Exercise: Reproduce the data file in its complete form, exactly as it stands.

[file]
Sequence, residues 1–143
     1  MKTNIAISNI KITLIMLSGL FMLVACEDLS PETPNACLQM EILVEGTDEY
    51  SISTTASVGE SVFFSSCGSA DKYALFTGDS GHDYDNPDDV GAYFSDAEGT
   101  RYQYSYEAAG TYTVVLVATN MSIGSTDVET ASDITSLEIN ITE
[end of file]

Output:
Sequence, residues 1–143
     1  MKTNIAISNI KITLIMLSGL FMLVACEDLS PETPNACLQM EILVEGTDEY
    51  SISTTASVGE SVFFSSCGSA DKYALFTGDS GHDYDNPDDV GAYFSDAEGT
   101  RYQYSYEAAG TYTVVLVATN MSIGSTDVET ASDITSLEIN ITE